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Virginia Tech football explodes on offense in 52-21 win over Wake Forest

Virginia Tech's Darren Evans coasts into the end zone for one of his three first-half touchdowns.
Virginia Tech's Darren Evans coasts into the end zone for one of his three first-half touchdowns. (Matt Gentry/roanoke Times Via Associated Press)

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By Mark Giannotto
Washington Post Staff Writer
Sunday, October 17, 2010; 12:20 AM

BLACKSBURG, VA. - Virginia Tech Coach Frank Beamer isn't the bombastic type, no matter the situation. When the Hokies face an inferior opponent, like in Saturday's 52-21 homecoming blowout of Wake Forest, Beamer insists that his players forget about what others think should happen and instead focus on "what we make happen."

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The advice escaped Virginia Tech just five weeks ago, when division I-AA James Madison defeated the Hokies at Lane Stadium in the biggest upset of this college football season. More recently, Virginia Tech had seen itself fall behind early in three of its four games since that setback.

But after the Hokies racked up 605 yards - 434 of which came before halftime - scored touchdowns on seven of their first eight possessions and rewrote some of Virginia Tech's offensive record book against the overmatched Demon Deacons, consider the message received.

"I'd been telling the guys all week that we need to start early from play one, get on top of [Wake Forest] and kind of control the game and that's what we did," said quarterback Tyrod Taylor, who finished 19 of 27 for 292 yards with three touchdown passes before being pulled midway through the third quarter. "Seven out of eight, we'll take that, but I think there's still a better game out there for us."

Cornerback Jayron Hosley ensured that the Hokies would avoid another slow start when he took his first punt return of the afternoon 58 yards to set up Virginia Tech inside the Demon Deacons 10-yard line.

Then, on third and goal, 6-foot-6 backup quarterback Logan Thomas lined up at wide receiver and made a one-handed catch on a fade route in the back of the end zone to give the Hokies a 7-0 lead.

Later in the first quarter with Virginia Tech nursing a 14-7 lead, Taylor engineered perhaps his best passing play since his memorable game-winning touchdown throw to beat Nebraska last year.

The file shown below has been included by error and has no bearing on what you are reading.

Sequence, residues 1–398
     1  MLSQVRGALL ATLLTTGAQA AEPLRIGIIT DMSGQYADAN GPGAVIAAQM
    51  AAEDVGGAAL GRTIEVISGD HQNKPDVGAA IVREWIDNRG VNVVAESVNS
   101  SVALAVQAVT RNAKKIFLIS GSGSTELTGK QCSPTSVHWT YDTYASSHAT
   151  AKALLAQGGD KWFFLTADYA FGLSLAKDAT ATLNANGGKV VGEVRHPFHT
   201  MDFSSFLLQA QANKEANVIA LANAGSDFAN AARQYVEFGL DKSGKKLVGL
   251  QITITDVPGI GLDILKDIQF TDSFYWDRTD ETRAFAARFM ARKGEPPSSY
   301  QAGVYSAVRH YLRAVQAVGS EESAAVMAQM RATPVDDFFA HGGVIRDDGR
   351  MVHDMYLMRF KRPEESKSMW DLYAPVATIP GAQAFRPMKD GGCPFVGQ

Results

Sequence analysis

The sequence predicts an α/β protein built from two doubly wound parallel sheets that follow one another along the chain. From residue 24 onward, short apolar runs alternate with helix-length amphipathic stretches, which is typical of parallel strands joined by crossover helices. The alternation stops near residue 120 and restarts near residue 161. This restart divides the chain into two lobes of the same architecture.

After heading to the sideline for a play following a gruesome-looking high-low hit that resulted in a Wake Forest late-hit penalty, Taylor scrambled to his right, escaped a sack attempt by a Demon Deacons defender, reversed field and then found wide receiver Danny Coale all alone along the left sideline for a 25-yard touchdown pass. From there, the rout was on as the Hokies built a 49-14 lead before halftime.

With injured running back Ryan Williams not in uniform for a fourth straight game, junior Darren Evans and sophomore David Wilson again made his absence a non-factor. Evans had 57 yards and a career-high three touchdowns, while Wilson finished with 107 yards on the ground.

Taylor threw touchdown passes to Coale (five catches, 103 yards) and wide receiver Jarrett Boykin. Taylor also had a one-yard touchdown plunge that tied him with Bob Schweickert for the most rushing touchdowns by a quarterback in program history (21).

"When we're clicking on all cylinders, it just feels good, no extra stress," said junior wide receiver Dyrell Roberts, who finished with a career-high six catches for 134 yards. "Whatever play is called, you just go out there and try to execute it. When we have a game like we have today, everything is just working, so it felt great."

The lone blemish for Virginia Tech came in the form of a defense that allowed a few too many big plays. Wake Forest running back Josh Harris had first-half touchdown runs of 87 and 33 yards and finished with 20 carries for 241 yards, the most by an opposing player in Virginia Tech's history. Early in the second half, Demon Deacons wide receiver Chris Givens scored on a 78-yard catch.


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